intelligible way that beautiful and dignified old court- 
call, which begins, " Hear ye ! hear ye! hear ye !" and ends, 
"All those of you having just cause for complaint draw 
near and ye shall be heard." You would have thought 
it was of no importance in the world, this beautiful and 
noble statement based on the majesty of the law in so 
far as it is based on the will of the people; but, neverthe- 
less, it was. Only custom and indifference had allowed 
it to fall so badly from grace. A third bailiff guarded the 
door of the jury-room; and in addition to these there was 
present a court clerk—small, pale, candle-waxy, with 
colorless milk-and-water eyes, and thin, pork-fat-colored 
hair and beard, who looked for all the world like an 
Americanized and decidedly decrepit Chinese mandarin 
—and a court stenographer. 
Part One, or Room One, where this, to Cowperwood, 
very significant trial was to take place, was presided over 
at this time by Judge Wilbur Payderson, a lean herring of 
a man, who had sat in this case originally as the examining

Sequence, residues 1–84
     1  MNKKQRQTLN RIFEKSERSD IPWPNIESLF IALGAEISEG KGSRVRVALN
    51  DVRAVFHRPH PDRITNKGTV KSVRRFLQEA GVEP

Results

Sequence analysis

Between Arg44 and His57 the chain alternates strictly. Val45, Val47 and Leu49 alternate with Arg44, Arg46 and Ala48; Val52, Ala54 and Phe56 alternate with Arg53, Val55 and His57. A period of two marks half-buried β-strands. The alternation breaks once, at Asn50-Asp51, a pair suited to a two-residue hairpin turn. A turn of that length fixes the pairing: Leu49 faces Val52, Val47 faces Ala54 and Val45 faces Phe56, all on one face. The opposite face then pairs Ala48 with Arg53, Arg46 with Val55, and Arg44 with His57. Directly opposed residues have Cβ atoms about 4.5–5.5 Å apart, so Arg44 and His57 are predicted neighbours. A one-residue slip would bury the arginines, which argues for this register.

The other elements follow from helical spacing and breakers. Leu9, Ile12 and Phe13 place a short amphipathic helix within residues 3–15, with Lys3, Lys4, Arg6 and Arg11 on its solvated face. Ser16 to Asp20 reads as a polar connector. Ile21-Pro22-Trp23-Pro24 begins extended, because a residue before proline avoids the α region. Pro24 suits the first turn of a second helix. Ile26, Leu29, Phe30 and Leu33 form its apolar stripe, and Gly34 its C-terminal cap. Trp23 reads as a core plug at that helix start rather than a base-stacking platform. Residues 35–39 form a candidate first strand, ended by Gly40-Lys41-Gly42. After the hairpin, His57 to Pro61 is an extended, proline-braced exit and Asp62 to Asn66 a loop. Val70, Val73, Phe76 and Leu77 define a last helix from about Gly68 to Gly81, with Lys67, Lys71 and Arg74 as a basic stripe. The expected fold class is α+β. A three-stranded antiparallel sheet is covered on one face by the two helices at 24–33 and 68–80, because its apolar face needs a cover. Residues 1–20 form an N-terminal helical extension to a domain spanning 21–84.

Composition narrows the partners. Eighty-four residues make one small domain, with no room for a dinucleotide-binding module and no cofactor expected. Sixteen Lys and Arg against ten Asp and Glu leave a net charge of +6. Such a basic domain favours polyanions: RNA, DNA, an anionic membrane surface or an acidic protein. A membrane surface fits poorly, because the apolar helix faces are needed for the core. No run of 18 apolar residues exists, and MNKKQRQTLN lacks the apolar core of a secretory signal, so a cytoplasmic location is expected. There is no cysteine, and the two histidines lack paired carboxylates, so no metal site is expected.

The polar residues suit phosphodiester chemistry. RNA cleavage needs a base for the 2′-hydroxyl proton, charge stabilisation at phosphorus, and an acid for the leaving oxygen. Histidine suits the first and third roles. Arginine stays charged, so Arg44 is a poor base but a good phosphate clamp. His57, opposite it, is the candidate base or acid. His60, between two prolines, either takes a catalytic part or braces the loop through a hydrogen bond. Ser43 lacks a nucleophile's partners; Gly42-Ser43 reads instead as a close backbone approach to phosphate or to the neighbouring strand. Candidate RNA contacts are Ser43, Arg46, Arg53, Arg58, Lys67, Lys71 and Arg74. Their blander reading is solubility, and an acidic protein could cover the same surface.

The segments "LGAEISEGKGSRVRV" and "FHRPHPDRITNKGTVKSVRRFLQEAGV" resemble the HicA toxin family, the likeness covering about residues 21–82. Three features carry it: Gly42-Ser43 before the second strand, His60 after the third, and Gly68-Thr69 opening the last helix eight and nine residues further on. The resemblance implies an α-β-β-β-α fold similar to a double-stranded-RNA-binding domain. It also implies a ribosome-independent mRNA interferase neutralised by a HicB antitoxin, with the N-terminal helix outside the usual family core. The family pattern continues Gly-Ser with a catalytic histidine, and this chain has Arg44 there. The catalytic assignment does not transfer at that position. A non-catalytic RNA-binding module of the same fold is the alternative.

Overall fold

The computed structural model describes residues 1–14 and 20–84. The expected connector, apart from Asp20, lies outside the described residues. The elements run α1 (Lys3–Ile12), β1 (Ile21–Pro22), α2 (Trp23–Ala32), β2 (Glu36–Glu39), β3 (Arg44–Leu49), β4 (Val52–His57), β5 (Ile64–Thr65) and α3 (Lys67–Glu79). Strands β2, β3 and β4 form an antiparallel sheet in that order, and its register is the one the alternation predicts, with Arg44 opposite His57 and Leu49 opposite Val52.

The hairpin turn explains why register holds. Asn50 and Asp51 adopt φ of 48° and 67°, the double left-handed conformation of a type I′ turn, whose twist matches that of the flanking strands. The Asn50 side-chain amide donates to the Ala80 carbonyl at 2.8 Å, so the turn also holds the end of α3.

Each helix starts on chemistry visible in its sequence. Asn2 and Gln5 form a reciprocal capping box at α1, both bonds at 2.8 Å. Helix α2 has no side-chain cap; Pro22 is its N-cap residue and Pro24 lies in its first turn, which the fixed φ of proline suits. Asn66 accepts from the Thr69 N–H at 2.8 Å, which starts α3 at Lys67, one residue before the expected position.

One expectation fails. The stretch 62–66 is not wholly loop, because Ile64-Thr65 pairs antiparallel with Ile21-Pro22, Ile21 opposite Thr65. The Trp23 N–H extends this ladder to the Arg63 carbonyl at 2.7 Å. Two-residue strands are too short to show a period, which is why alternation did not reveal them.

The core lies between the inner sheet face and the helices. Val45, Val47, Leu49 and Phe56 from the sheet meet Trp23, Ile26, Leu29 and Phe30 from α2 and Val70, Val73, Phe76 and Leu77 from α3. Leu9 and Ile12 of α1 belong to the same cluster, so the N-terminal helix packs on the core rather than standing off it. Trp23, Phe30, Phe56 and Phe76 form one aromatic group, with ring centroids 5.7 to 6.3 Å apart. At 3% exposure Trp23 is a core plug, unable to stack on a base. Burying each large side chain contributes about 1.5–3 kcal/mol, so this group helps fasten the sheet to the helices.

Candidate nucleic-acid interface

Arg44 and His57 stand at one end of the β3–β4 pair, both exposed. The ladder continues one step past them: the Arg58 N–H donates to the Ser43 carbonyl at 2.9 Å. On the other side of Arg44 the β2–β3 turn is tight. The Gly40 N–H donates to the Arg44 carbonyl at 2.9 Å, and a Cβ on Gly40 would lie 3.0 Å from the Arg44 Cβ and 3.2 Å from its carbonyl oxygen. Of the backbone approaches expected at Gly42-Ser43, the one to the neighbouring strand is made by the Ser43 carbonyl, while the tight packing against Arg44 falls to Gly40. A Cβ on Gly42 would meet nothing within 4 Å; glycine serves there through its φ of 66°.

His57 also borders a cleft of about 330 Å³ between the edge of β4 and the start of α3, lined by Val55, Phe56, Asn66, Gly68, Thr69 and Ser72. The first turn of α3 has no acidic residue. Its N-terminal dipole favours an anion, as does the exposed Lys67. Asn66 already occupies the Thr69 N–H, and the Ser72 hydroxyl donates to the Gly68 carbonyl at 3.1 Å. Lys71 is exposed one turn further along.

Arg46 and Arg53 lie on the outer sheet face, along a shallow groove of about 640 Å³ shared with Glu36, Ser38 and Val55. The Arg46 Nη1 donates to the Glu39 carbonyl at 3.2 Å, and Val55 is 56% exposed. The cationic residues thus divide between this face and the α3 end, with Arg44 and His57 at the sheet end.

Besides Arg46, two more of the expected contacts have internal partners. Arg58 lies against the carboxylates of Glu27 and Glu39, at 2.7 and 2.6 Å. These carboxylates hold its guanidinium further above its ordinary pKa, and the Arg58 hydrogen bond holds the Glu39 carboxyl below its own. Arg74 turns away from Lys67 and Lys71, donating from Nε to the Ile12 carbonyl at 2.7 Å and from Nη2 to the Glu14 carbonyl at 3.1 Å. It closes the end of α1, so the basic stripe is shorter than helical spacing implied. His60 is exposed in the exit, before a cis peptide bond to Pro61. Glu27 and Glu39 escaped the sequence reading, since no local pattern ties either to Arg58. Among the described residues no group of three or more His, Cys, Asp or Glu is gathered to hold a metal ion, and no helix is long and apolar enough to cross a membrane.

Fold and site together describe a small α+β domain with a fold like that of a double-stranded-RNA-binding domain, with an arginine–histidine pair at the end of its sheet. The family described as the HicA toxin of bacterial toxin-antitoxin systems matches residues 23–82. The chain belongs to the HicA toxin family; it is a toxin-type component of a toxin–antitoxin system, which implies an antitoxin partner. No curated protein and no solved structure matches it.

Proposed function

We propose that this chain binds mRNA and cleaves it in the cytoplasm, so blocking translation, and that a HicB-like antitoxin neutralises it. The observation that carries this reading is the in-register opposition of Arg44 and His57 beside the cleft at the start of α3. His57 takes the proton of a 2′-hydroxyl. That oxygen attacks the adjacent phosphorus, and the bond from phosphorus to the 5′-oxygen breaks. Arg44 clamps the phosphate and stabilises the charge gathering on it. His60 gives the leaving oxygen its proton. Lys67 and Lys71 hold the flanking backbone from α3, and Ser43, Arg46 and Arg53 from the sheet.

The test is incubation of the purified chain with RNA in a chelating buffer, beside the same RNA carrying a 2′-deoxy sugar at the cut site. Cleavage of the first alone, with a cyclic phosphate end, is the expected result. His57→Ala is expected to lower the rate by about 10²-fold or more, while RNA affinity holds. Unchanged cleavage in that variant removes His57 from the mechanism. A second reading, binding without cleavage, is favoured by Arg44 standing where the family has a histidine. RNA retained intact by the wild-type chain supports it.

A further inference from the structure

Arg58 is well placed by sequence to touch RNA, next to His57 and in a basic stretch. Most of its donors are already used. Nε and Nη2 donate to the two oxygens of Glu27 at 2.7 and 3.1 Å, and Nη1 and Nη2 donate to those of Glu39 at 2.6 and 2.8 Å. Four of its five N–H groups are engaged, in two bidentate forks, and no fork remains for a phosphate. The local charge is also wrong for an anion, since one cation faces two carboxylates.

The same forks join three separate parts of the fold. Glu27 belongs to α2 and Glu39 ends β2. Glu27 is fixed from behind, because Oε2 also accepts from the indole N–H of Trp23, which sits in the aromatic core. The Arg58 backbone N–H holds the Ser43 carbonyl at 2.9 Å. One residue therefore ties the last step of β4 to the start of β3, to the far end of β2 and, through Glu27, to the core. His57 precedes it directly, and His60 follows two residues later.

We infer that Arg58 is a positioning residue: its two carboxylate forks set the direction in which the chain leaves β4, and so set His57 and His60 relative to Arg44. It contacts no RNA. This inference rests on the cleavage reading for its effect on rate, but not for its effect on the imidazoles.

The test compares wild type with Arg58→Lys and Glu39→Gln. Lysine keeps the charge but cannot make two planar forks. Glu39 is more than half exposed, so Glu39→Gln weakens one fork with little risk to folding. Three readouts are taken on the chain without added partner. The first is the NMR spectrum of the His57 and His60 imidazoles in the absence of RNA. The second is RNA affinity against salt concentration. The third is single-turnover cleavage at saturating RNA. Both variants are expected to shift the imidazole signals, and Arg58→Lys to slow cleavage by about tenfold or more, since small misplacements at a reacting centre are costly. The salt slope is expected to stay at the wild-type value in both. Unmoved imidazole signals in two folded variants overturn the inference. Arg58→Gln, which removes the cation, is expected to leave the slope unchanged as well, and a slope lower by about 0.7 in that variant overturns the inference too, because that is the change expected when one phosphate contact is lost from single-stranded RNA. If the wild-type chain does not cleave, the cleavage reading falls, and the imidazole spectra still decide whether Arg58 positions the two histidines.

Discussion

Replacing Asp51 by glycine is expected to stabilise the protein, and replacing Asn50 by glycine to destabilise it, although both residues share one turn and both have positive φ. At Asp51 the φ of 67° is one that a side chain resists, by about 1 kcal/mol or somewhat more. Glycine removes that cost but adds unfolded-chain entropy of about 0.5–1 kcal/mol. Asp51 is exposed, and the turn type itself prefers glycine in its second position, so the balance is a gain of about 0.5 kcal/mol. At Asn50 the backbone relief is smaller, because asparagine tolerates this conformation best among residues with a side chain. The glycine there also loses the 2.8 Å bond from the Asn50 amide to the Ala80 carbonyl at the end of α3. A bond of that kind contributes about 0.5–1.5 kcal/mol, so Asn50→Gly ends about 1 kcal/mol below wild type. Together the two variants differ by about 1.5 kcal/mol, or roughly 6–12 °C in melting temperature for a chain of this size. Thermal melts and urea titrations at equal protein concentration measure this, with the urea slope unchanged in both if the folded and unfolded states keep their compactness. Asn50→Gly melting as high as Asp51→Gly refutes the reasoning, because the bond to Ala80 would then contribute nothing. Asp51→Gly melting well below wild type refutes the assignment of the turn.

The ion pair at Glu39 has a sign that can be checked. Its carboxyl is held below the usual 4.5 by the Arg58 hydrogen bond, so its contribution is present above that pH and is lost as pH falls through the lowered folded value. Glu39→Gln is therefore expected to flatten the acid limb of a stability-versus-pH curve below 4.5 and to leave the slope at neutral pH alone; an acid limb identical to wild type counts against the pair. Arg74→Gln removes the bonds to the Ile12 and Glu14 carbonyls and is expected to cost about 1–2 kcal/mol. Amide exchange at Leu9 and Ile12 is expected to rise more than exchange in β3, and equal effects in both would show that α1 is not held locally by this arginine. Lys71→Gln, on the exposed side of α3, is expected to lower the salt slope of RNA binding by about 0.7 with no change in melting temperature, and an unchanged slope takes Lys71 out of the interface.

judge when Cowperwood had been indicted by the grand 
jury, and who had bound him over for trial at this term. 
Payderson was a peculiarly interesting type of judge, as 
judges go. He was so meager and thin-blooded that it 
was interesting to contemplate him. Technically, he 
was learned in the law; actually, so far as life was con- 
cerned, absolutely unconscious of that subtle chemistry 
of things that transcends all written law and makes for 
the spirit and, beyond that, for the absolute inutility of 
all law, as all wise judges know. You could have looked 
at this lean, pedantic body, his frizzled gray hair, his fishy, 
blue-gray eyes, without any depth of speculation in them, 
and his nicely modeled but unimportant face, and told 
him that he was without imagination; but he would not 
have believed you—would have fined you for contempt 
of court. By the careful garnering of all his little oppor- 
tunities, the furbishing up of every meager advantage; 
by listening slavishly to the voice of party, and following